1.2.22 About Us – Authenticity and Personality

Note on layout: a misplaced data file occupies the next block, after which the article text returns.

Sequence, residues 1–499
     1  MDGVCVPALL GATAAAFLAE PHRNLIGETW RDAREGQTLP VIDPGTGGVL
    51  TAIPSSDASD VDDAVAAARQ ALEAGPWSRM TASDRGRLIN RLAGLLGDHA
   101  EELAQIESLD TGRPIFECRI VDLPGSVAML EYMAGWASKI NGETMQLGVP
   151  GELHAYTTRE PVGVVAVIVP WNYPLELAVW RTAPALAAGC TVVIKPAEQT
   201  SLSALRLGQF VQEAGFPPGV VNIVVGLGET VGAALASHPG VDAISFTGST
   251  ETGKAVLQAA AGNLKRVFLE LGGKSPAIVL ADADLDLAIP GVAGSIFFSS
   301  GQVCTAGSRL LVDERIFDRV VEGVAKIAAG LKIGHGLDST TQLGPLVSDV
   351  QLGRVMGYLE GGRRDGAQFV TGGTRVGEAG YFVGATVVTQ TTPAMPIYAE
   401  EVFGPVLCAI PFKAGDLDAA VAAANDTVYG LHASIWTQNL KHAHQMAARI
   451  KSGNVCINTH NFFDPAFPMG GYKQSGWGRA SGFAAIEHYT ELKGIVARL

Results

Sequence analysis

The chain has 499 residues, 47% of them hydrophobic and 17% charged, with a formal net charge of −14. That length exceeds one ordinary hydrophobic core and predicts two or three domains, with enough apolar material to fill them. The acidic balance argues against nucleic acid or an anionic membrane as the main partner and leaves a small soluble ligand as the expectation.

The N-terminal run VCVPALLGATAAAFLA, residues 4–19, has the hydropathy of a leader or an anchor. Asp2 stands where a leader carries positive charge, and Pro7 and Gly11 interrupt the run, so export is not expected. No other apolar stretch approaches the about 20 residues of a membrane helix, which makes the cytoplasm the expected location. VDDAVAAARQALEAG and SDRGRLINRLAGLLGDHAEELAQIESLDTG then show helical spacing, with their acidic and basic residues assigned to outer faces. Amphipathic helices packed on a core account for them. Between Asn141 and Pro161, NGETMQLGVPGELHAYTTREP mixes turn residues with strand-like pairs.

Hi, I’m David Bell. In this lecture, we’re going to talk about authenticity and personality. And we’re going to break it up into two pieces. We’re going to focus first on authenticity and personality of founders by thinking about the problem that founders are solving. And also the authenticity and personality of the founders themselves. And then secondly, we’ll get into the brand or service or the product. The personality of that about creating authenticity and transparency. I’m going to share with you some research on the difference between perception and reality. Something we have to overcome. Also talk about what the five dimensions are of brand personality based on some research. And then finally, we’re going to talk about the narrative and the personality in the digital economy and what makes that different. So, let’s get started right away, and here’s the question I’d like us to all have in mind. I’m sure many of you out there who are founders have gone through this process, either explicitly or implicitly. But it’s something I always like to begin with when I think about the authenticity of the problem. So in order to succeed in our startups as entrepreneurs, we need to solving a problem that’s a real problem that people actually care about. And so one of my favorite examples from the old economy. I’m going to do some new economy ones as well, is Starbucks. So Howard Schultz, when he started Starbucks, happened to be on vacation in Italy. And those of you who might have been to Italy or continental Europe, you’ll notice in Italy, when people consume coffee, they tend to consume it outdoors or outside the home in cafes. There’s a barista, it’s a high service experience and so on. And so Mr. Schultz had the experience in Italy of getting his coffee from a barista, learning about the different kinds of coffee, macchiato, cappuccino and so on, in a very pleasant environment. When he was back in the United States he noticed also that Americans drank a lot of coffee, almost as much as Italians did. However, Americans bought their coffee in the supermarket and it tended to be rather low-quality coffee that they consumed at home. So he asked himself a very simple and a very profound question, what’s wrong with the status quo? So the status quo in the United States is people drinking bad coffee at home. In Italy, they drink good coffee outdoors and so that was the notion that he brought when he founded Starbucks. And the idea of Starbucks is the third place. The first place is your home. The second place is your work. Both of those places are getting busier in our lives. And the third place is Starbucks, where all your cares float away on the top of a latte. Okay, so I really want to encourage you to think about the problem that you’re solving is a legitimate problem that people might actually care about. So, in addition to thinking about a legitimate problem that Mr. Howard Schultz did when he founded Sarbucks. Sometimes, particularly now in the digital economy, we want to challenge the status quo. Why is it that people pay so much, for example, for a particular product? And this was the question that four students, who are MBA students here at the Wharton school asked themselves way back in 2010. So, one of the students, Dave, had just came back from a vacation and he left his glasses in the back pocket of the plane. In the seat pocket, perhaps some of you have done the same thing. And it turned out that the glasses that he owned were very expensive. They had cost him about $500 US, and he was complaining to one of his fellow students, I can’t afford to replace my glasses. They’re so expensive and now I’m a student, I don’t really have the budget. And the student that he turned to, his name is Neil, another co-founder of Warby Parker, Neil had happened to work for many years before coming to business school and not for profit. And Neil, working for not for profit giving people glasses, knew that there was no way that glasses should cost $500. So, he turned to Dave and he asked rhetorically, why should a pair of glasses cost the same as an iPhone? And that was a question that they posed to themselves to challenge the status quo and they realized, without going into all of the details, that this one large company based in Europe that controls a lot of what goes on in the eye-wear industry. They do a lot of the manufacturing, the licensing of all the different brands. So, if your glasses say Tiffany, Dolce & Gabbana, the brand name doesn’t really matter. They’ve been manufactured under licensed by a large company called like Exotico. Also happens to own a lot of the distribution channel. So the students asked themselves, why is this product so expensive, and furthermore, why is nobody buying the product online? At the time that they started the company, only about 1% of all eye-wear that was sold in the United States was sold through the online channel. So what they did is they built an authentic digital brand, using the name here will be Parker, this is going to be important for our discussion later on. I’m going to come to this in a couple of moments. But when we think about a brand, a brand needs to deliver at least three benefits. A functional benefit, does something for you. An emotional benefit that makes you feel something, and a symbolic benefit. If you associate yourself with that brand, what does it say about you, so hold that thought. We’re going to pick that up in a couple of moments and relate back to Warby Parker. The third thing that’s interesting for you now as a founder is thinking about your own personality that’s very, very much part of the brand. And what I want to share with you here is a fascinating story. You can go to the link on the slide for Michelle Phan. So Michelle is a pretty well known entrepreneur here in the beauty space in the United States. And prior to starting her company, she was just somebody who was kind of interested in beauty. She used to take videos of herself putting on various kinds of makeup. Upload those into YouTube. You can see now they’re on the link. Her videos have been watched over a billion times, lifetime views. And there was a beautiful quote from a recent article in Forbes, I’ve provided the link for you there. It says, I didn’t have a roadmap, I just did it because it was meaningful to me and I wanted to disrupt the beauty industry. So now on the digital economy, all of us as entrepreneurs have a voice with which to share our passion and to create an authentic story that potentially can resonate with others. So before we continue on to the next piece of content, just hold those three thoughts. Am I solving an authentic problem? Do I have an authentic way of changing what’s going on potentially in an existing industry? And third, and most important, is there something authentic about me, as the person who’s solving that particular problem? And now, as we continue on to think about this concept of authenticity. One little speed bump I want to put in the road here. Something for you to think about that’s very, very important particularly now in the digital economy. And this here is the issue of perception. So, the way your authenticity potentially can be perceived. How it’s received by customers and also the broader community. So I’m going to share with you some results of a really fascinating research study that makes this point. And so what you’re seeing here on the slide is you’re seeing customers making evaluations of products. In this case it’s beer, maybe you know some of the brands, without any information. So what do I mean by that? This is a taste test of beer that people are doing, drinking beer out of paper cups where there’s no information about the brand of beer that they’re drinking. Now, there are six brands, the first one is a brand called Pabst, if you live in the United States you’ll know some of these, Colt 45, Coors, Miller Lite, and Budweiser, and then there’s another brand, Guinness. And what consumers in this survey were asked to do was to drink two different beers from two different paper cups labeled A and B. Let’s say Pabst and Colt 45. And then answer the question, how similar they thought the products were to each other. Now, what happened as a result of doing this exercise when people were drinking the product in the paper cup. They tended to think that all of those beers on the left were basically the same. The only one that they could see was different was the darker one, which is Guinness. Which ends up way out to the side on the map, after the mathematical analysis is done. Now, what’s important here is note the change that we observe once the people in the experiment are drinking the beer out of the actual bottle. So when the beer is drank out of the bottle, low and behold, people think that Colt 45 and Budweiser are actually very, very different from each other. And so, what this is telling you is that the perception that’s created through the marketing, through the communication and particularly in the digital age, this was pre-digital, will have a huge impact on the way your product is perceived, your brand is perceived and you are perceived as well. So now let’s move and think about one of the perceptions that we want to generate, one of the norms that we must have in mind when we think about authenticity. So, our brand, whether it’s Warby Parker providing eye-wear, or whether it’s Howard Schultz providing coffee, or whether it’s your startup. You need to think about what’s the functional benefit I’m solving for customers. What am I delivering? So Warby Parker, for example, is delivering eye-wear at a good price point. What’s the emotional benefit that I get? Well, if I wear Warby Parker glasses, I might feel somewhat stylish. What’s the symbolic benefit that I get if I associate myself with this brand? Other people might perceive me as someone who’s rather sensible with my money. I don’t spend $500 on sunglasses or glasses, I only spend $100. So functional, emotional and symbolic value is very, very important. However, in the digital economy there are some other things that we layer on top here. We also need our brains to be transparent. We need to generate true authenticity. We need to have empathy for customers, and we need to personalize what we’re doing. And we’re going to go into some research on that in a moment. So what is it that we can do to be transparent, authentic, empathetic, and also to generate a brand personality. I’m going to show an example, and then I’m going to have all of you do an exercise in a little bit. And this is something right at the end of the slide that I’d like you to think about. The idea that if you create the right kind of authenticity, something good might happen on your behalf. So let me share an example, one of my favorite examples. So not so long ago, there was an airline here in the United States called JetBlue. Some of you might know it. You can look it up if you’re not in the United States, JetBlue. And what JetBlue did is they ran a promotion over Twitter, with $600 you could fly for an entire month around the whole of the United States as much as you like. Kind of like eating at a buffet, but just for travel. And it turned out that this was a very successful promotion, and in addition, there was a fellow who happened to be raising money for cancer. He was traveling to 29 cities in 29 days, doing a very noble thing, raising money for cancer. And he happened to take advantage of this promotion that was out there in the digital space. And as a result, this ended up being a store in its own right which further promoted the sales of the airline tickets for the company. So again, this is not guaranteed. But we want to think about what’s the possibility through a transparent and authentic marketing actions for something good like that to happen. Okay, so let’s move on now onto elements of personality. This, I find absolutely fascinating. It’s based on some research where people were asked questions about personalities of brands in a sort of indirect way. So, if I were the researcher, I might ask you the following question.